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Vascular Damage Control 3

Vascular damage control for supracondylar femur fracture

Luis Filipe Pinheiro Hospital São Teotónio-Viseu Portugal

A lower leg fracture with arterial injury

Fractured tibia and fibula

R.N. Jaime E. Castellanos, Venezuela


Combined Vascular & Skeletal Trauma

, Stanford University, October 07, 2005

Eric Frykberg discusses the management of these complex injuries.

Case Presentations

Anal Necrosis Following Pelvic Crush Injury

John S.Berry MD, Alfred F. Trappey MD, Joseph L. Petfield MD, Julia M. Greene MD, Katherine Markell MD

Julia Greene, November 28, 2012

Arterial haemorrhage within the pelvic circulation can be controlled by nonselective embolization. However, complications are associated with distal ischemia from disruption of the aortoiliac circulation. Reported complications of pelvic crush injury include impotence, lower extremity nerve deficits, left colon ischemia, spinal cord injury, and necrosis of the rectum and gluteal musculature. We report a case of anal canal necrosis after a pelvic crush injury attributed to hypotension, compression by pelvic hematoma, and arterial disruption after selective unilateral transcatheter arterial embolization (TAE).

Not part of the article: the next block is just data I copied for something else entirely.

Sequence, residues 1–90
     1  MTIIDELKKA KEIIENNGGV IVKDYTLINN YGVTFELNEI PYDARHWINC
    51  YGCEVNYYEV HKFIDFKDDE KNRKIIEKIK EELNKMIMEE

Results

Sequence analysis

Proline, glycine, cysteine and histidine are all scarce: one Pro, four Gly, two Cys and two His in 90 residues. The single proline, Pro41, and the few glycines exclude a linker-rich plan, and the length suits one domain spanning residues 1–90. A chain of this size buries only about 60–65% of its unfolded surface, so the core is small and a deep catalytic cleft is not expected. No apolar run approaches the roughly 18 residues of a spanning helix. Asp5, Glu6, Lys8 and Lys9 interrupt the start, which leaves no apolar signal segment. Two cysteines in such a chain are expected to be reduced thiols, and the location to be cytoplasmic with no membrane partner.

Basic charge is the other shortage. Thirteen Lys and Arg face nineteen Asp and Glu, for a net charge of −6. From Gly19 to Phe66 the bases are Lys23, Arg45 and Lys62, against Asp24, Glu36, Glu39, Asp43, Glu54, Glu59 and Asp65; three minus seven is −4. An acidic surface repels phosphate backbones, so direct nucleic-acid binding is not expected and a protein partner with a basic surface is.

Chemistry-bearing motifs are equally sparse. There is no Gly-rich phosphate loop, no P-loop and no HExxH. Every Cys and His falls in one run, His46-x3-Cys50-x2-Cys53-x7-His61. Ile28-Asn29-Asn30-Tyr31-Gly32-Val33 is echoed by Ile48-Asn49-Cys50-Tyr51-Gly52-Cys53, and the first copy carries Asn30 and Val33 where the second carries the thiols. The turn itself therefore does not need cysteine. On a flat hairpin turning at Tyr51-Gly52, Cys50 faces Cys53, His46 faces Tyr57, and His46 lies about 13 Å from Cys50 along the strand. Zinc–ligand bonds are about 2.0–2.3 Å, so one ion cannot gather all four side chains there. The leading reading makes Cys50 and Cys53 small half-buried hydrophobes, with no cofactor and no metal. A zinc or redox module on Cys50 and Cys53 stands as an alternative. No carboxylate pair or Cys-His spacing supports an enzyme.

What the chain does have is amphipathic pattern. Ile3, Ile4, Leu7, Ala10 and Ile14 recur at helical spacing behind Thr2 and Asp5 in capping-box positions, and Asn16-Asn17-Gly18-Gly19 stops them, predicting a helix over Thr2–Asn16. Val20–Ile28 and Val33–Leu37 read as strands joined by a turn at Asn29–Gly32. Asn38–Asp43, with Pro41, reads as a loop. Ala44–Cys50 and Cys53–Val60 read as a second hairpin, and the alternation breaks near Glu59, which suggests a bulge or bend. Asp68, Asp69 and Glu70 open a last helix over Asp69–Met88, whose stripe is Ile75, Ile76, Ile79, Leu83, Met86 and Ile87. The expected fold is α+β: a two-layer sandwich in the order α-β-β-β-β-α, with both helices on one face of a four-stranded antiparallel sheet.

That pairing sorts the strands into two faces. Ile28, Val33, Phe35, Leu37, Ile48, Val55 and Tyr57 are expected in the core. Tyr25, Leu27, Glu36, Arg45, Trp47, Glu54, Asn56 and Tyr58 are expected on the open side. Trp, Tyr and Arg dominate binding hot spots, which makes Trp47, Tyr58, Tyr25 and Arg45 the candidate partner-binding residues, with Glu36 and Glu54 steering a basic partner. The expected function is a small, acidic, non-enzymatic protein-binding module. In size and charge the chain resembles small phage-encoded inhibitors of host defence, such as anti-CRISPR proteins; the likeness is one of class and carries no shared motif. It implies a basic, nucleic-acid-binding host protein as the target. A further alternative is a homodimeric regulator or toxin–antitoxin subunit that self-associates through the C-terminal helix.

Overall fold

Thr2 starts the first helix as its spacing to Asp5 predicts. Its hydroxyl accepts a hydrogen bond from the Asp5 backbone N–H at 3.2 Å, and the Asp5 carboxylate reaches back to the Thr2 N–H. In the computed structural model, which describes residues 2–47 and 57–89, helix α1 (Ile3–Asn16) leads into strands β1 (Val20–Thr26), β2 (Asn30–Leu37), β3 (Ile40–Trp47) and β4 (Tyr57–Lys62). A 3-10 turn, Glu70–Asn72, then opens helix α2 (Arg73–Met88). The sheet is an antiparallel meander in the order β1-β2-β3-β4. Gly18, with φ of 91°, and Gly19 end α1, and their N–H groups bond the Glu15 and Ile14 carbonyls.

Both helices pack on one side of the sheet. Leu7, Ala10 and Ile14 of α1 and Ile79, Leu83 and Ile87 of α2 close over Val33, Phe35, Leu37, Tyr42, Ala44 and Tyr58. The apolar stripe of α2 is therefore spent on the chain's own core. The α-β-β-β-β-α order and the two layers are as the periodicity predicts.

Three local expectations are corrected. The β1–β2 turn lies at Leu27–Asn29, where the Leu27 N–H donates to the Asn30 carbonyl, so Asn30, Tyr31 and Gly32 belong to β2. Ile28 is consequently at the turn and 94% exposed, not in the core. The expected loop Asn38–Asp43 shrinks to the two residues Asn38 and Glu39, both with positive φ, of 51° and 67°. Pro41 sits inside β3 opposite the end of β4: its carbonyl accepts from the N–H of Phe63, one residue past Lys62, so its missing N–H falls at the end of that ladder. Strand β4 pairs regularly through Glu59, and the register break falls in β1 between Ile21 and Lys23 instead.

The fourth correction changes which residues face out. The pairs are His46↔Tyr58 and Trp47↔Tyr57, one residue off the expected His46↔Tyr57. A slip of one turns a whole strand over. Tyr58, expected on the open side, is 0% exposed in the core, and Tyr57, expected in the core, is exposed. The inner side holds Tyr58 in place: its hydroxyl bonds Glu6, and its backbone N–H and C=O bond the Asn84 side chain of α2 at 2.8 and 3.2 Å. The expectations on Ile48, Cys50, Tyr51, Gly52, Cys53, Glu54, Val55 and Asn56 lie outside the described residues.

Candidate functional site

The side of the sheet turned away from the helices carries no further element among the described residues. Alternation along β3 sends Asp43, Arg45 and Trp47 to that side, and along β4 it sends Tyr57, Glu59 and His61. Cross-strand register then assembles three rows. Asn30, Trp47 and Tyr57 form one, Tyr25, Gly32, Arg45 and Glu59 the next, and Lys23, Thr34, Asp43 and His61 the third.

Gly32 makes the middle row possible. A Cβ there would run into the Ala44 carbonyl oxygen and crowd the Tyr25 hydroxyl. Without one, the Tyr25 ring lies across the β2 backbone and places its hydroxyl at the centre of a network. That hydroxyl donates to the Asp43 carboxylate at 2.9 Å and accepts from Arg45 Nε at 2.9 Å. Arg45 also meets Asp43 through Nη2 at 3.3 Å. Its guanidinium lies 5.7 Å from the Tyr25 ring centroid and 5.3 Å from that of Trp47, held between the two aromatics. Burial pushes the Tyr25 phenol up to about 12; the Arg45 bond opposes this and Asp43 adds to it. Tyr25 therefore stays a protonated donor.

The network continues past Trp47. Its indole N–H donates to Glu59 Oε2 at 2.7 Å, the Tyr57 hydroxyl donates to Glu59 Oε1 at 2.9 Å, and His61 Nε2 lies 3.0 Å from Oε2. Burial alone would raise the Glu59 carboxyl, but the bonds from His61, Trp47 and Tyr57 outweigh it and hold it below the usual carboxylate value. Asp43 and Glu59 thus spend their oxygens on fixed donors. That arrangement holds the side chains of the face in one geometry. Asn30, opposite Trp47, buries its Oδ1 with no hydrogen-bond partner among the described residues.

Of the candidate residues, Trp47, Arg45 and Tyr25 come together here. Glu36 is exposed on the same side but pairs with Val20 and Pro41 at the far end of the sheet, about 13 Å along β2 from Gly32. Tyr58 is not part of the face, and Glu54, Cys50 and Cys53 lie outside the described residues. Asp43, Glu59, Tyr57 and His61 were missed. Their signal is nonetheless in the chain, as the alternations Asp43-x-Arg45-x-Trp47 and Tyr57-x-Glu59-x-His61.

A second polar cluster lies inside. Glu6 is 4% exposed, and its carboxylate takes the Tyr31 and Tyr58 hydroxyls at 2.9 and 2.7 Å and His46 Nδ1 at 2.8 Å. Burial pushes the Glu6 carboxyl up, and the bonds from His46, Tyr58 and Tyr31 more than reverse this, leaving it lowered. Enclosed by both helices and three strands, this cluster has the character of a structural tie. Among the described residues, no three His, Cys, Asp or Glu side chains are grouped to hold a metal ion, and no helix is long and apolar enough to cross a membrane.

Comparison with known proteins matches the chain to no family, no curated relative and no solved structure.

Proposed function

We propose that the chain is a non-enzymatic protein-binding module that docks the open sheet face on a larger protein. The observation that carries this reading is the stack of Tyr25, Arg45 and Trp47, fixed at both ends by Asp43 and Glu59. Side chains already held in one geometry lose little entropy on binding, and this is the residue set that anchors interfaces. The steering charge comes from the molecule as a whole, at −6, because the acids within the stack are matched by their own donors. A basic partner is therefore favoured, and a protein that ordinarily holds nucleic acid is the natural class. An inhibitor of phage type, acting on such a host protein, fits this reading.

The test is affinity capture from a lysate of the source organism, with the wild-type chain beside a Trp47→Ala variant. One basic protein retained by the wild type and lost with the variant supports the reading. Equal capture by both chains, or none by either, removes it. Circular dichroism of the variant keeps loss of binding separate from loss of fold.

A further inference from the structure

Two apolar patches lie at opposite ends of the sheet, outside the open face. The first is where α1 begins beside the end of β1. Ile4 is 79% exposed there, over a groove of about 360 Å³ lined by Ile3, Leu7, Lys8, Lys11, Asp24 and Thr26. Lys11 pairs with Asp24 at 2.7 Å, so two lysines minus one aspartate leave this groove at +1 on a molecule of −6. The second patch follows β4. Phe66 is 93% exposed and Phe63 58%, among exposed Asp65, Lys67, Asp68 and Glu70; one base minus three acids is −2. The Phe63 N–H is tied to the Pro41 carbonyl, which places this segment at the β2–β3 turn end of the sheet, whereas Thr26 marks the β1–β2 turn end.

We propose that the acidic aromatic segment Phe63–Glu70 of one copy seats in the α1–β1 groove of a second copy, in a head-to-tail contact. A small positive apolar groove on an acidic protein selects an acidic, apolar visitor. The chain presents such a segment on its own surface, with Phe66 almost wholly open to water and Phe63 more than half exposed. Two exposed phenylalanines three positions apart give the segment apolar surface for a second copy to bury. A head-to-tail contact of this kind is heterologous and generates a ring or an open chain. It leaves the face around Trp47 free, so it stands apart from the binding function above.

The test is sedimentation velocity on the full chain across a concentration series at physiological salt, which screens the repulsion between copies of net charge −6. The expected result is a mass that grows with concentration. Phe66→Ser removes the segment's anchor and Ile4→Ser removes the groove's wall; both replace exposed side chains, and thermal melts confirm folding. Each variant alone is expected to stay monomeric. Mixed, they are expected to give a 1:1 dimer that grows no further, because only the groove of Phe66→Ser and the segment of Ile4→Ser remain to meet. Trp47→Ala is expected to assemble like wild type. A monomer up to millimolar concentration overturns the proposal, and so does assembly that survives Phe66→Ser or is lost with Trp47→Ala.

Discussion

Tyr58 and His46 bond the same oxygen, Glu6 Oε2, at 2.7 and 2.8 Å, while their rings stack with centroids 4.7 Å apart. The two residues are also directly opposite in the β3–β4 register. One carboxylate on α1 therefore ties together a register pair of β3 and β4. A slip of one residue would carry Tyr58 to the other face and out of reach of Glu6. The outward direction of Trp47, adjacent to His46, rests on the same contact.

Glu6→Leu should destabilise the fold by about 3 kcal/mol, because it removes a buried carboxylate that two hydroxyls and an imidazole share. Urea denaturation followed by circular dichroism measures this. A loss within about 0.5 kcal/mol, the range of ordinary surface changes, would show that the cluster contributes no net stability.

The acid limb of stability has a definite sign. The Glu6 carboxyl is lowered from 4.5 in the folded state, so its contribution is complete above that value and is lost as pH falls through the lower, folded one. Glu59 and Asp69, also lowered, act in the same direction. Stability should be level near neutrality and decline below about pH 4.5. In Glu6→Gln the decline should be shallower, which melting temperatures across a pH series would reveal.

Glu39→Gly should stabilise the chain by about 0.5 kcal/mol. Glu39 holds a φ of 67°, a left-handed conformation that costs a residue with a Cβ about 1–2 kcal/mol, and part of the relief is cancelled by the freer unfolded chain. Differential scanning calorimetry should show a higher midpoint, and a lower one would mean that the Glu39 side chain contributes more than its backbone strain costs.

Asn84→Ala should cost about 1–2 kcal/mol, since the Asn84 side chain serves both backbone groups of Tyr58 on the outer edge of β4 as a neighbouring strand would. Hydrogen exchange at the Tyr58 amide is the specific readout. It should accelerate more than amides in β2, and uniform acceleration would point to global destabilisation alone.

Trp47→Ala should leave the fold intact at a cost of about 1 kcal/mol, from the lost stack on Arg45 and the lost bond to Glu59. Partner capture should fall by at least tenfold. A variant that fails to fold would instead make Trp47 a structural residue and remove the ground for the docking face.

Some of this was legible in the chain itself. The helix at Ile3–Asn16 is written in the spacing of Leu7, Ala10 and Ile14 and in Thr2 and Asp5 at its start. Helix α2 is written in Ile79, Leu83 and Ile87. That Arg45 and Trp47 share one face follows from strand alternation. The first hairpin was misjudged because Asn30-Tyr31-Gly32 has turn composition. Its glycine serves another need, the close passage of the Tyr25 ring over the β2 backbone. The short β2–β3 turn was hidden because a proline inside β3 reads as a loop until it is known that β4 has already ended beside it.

Bilateral lower extremity gunshot wound with arterial and venous injury

Gunshot injury to both lower limbs requiring vascular damage control

sam zeraatian nejad davani, December 26, 2010

20 years old man after civilian gunshot wound, arrived in our emergency department with profound shock and ongoing bleeding from gunshot wounds to both thighs.

Research Blog Entries

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